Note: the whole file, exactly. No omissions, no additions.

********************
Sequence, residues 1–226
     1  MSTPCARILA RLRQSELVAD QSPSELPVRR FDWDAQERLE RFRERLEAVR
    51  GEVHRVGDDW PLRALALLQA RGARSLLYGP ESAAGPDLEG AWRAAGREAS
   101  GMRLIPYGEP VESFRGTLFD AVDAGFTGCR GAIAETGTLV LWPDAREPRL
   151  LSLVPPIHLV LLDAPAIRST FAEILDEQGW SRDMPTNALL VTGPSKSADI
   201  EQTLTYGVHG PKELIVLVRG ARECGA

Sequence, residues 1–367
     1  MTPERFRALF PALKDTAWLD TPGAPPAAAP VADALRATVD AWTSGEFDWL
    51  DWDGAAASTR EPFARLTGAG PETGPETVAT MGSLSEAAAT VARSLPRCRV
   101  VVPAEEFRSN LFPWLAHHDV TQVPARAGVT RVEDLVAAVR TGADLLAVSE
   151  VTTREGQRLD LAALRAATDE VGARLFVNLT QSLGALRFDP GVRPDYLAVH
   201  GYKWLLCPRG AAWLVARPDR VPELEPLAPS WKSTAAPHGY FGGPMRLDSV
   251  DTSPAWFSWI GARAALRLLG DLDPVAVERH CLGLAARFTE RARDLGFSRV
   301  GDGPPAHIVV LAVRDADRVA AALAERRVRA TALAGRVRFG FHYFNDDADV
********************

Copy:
Sequence, residues 1–226
     1  MSTPCARILA RLRQSELVAD QSPSELPVRR FDWDAQERLE RFRERLEAVR
    51  GEVHRVGDDW PLRALALLQA RGARSLLYGP ESAAGPDLEG AWRAAGREAS
   101  GMRLIPYGEP VESFRGTLFD AVDAGFTGCR GAIAETGTLV LWPDAREPRL
   151  LSLVPPIHLV LLDAPAIRST FAEILDEQGW SRDMPTNALL VTGPSKSADI
   201  EQTLTYGVHG PKELIVLVRG ARECGA

Sequence, residues 1–367
     1  MTPERFRALF PALKDTAWLD TPGAPPAAAP VADALRATVD AWTSGEFDWL
    51  DWDGAAASTR EPFARLTGAG PETGPETVAT MGSLSEAAAT VARSLPRCRV
   101  VVPAEEFRSN LFPWLAHHDV TQVPARAGVT RVEDLVAAVR TGADLLAVSE
   151  VTTREGQRLD LAALRAATDE VGARLFVNLT QSLGALRFDP GVRPDYLAVH
   201  GYKWLLCPRG AAWLVARPDR VPELEPLAPS WKSTAAPHGY FGGPMRLDSV
   251  DTSPAWFSWI GARAALRLLG DLDPVAVERH CLGLAARFTE RARDLGFSRV
   301  GDGPPAHIVV LAVRDADRVA AALAERRVRA TALAGRVRFG FHYFNDDADV